Rental property Insurance – What does your insurance cover? Read the fine print!

Rental property Insurance – What does your insurance cover? Read the fine print!

Understanding and Mitigating Your Risks – Rental Property Insurance and the New Limitation Act.

Umbrella RiskThis month I’d like to share my thoughts on how you can better manage risk once you’ve made a purchase and what to consider for insurance coverage, and lastly provide an update on the Limitation Act.

For real estate investors, understanding and managing risk is an important part of selecting the right investment.  We consider each opportunity carefully, determining how the investment fits into our portfolio.  We deliberate on the economic fundamentals of the region, then investigate the unit and property to determine it’s the right fit.

Many investors however, assume that once the paperwork is approved and the title has been conveyed, the process is complete.  If you opt into a Rental Association Program (RAP), you expect to receive a monthly statement while the property is maintained by a professional property management group.

Insurance Coverage

Inurances policiesWe all know that sometimes accidents happen.  As a real estate investor, having the right insurance coverage allows you to sleep a little better at night, knowing that you have your assets covered.

Leaky dishwashers, clogged drains, overflowing bathtubs or sinks can not only damage your unit, but if it’s located on the upper flow, it can do thousands of dollars of damage to the units below. Although the strata or condo insurance would cover the damage to the suite, it can significantly impact the deductible on the strata corporation.

Also, a simple trip or fall by a tenant’s guest may lead to injury and legal action.  If someone has a fall and requires long term medical attention, do you understand the amount of your 3rd party liability coverage and the value of the coverage?

changes AheadThe insurance landscape is constantly changing, with multi-family properties facing both increasing deductibles and premiums for insurance. In some cases, if there is not adequate coverage, the board could consider approaching the investor to contribute for the deductible.

As a real estate investor, I decided to take it a step further.  I approached Property Managers and asked them a series of questions.  In the end, I had a decision tree that I thought may help you understand the process and the level of coverage. Here it is:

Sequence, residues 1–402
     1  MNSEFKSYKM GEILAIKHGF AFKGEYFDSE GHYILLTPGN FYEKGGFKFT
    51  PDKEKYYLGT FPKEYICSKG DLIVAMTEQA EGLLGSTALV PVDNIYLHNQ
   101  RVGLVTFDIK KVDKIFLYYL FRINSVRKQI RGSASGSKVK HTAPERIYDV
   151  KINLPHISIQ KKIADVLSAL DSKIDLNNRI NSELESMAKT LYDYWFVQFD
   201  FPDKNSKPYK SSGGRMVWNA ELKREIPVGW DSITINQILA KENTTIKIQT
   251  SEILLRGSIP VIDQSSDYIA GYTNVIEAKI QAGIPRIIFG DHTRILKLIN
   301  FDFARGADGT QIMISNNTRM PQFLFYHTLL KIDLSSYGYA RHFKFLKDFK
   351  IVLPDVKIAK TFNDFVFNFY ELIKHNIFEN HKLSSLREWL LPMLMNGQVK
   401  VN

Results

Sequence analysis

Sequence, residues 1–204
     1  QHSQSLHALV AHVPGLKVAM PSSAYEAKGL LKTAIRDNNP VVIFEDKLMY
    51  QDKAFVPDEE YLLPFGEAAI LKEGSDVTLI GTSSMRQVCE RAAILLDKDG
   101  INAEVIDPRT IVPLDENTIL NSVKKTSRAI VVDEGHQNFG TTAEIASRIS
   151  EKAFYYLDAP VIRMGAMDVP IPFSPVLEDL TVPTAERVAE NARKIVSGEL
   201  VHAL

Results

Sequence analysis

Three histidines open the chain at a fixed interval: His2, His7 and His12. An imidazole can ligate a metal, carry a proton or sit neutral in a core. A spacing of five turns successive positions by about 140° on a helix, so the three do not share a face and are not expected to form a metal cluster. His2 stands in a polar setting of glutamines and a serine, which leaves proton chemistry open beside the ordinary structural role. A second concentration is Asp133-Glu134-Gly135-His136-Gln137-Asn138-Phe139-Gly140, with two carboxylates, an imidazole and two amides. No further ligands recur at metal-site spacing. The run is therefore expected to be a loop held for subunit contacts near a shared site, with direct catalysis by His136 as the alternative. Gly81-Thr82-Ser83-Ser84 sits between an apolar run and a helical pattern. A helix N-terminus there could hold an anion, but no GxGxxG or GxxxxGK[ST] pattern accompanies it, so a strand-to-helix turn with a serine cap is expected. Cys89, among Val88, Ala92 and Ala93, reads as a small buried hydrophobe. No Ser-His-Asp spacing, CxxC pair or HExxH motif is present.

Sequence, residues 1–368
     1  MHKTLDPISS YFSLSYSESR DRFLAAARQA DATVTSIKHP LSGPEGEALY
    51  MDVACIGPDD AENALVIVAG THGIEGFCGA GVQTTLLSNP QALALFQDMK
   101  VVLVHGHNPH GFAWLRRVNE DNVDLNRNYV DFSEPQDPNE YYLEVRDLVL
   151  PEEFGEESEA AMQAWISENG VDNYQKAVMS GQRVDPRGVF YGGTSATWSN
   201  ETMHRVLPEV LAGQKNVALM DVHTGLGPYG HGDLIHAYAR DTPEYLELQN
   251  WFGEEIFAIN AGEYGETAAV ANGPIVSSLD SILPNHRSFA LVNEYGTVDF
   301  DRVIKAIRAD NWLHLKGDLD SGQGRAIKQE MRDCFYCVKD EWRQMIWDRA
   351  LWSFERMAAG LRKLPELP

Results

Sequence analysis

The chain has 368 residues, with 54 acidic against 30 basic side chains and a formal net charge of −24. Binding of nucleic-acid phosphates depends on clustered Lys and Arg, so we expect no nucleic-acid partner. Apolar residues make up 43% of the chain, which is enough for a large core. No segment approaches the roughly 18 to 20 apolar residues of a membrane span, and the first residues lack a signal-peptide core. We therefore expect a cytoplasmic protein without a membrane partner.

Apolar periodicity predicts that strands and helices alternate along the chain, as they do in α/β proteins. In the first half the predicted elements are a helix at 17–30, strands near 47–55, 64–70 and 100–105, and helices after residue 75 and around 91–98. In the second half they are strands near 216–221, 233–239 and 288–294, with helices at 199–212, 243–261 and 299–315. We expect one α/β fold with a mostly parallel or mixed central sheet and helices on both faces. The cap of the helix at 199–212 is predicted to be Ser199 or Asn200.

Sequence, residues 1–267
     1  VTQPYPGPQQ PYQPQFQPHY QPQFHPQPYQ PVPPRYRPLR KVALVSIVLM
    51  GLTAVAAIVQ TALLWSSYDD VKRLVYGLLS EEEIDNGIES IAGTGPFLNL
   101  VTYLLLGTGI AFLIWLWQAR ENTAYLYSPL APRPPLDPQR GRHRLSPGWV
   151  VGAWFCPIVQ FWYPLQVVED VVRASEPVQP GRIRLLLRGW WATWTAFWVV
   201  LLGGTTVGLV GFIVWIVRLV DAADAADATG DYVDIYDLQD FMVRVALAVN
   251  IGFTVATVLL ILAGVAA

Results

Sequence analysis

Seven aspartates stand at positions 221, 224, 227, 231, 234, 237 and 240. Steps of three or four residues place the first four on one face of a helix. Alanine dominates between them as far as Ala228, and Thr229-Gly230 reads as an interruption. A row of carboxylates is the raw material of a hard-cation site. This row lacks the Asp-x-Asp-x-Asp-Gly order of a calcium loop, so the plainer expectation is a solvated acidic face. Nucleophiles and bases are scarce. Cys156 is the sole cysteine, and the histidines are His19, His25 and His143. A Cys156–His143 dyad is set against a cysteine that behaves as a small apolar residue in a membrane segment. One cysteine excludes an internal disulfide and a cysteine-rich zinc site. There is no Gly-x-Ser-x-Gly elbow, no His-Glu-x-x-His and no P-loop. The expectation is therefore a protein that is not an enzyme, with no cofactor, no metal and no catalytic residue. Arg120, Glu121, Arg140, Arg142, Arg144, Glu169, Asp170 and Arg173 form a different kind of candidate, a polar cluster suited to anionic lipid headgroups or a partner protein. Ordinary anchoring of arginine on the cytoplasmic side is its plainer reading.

Insurance decision tree

If you’re unsure about your coverage, ask this key question to your Property Manager:


They will be able to provide the answers as to how the rental association program policies relates to the insurance questions.

lowering risk


So what can you do to limit your exposure?

  • Understand your coverage.  If you are in a Rental pooling type program where there is a blanket policy, then review the RAP policies to understand the amount of coverage and what would happen in a “worst case scenario”.
  • Assess your risk. Read the Master Insurance Policy to determine your deductible amount.
  • Ask questions.  Email your Property Manager so you are well informed and prepared to take the necessary action.
  • If you do find yourself financially exposed for the deductible, please consult with your insurance broker as you can simply add a rider policy to your existing insurance policy.

As you can see, understanding and managing risk for your real estate investments doesn’t end when the sale is complete.  Informed decisions are better decisions.  Take the time to understand your coverage so you can rest easy knowing that your assets are covered.

At Strategic Investment Realty, we are endeavouring to create a grid document that will provide the answer to the above key question.

Now, let’s look at the New Limitation Act for BC coming into effect June 1, 2013 …

The New Limitation Act in BC

limited amount of timeThe new Limitation Act, which comes into effect June 1, 2013, impacts the time period in which BC strata corporations must act in order to proceed with legal action.

Under the new Limitation Act, a strata corporation has two years after the day on which the claim was discovered.  The current Act offers a default limitation of six years.

Legal action from a strata corporation may include:

  • Fines and levies
  • Charge-backs
  • Interest
  • Collection of strata fees

past dueSo, for example, let’s say there is an owner who has outstanding fees and interest.  Currently, a letter of understanding is sent out to ensure funds are recovered from the owner.  After the new Limitation Act comes into effect, if fines are owed for longer than two years, they may not be recoverable.

With this in mind, council members should seek legal advice as soon as possible when:

  • facing the likelihood of initiating any legal action
  • evaluating any accounts or legal proceedings that exist prior to June 2013

Of course, if you have any concerns about a potential claim, discuss the matter with your lawyer sooner rather than later.

I have included a couple of links to review the details of the new Limitation Act link 1  and Limitation Act link 2 for BC.

If you have any question about either topic, please feel free to email me at

By Andrew Schulhof
24 Apr 2013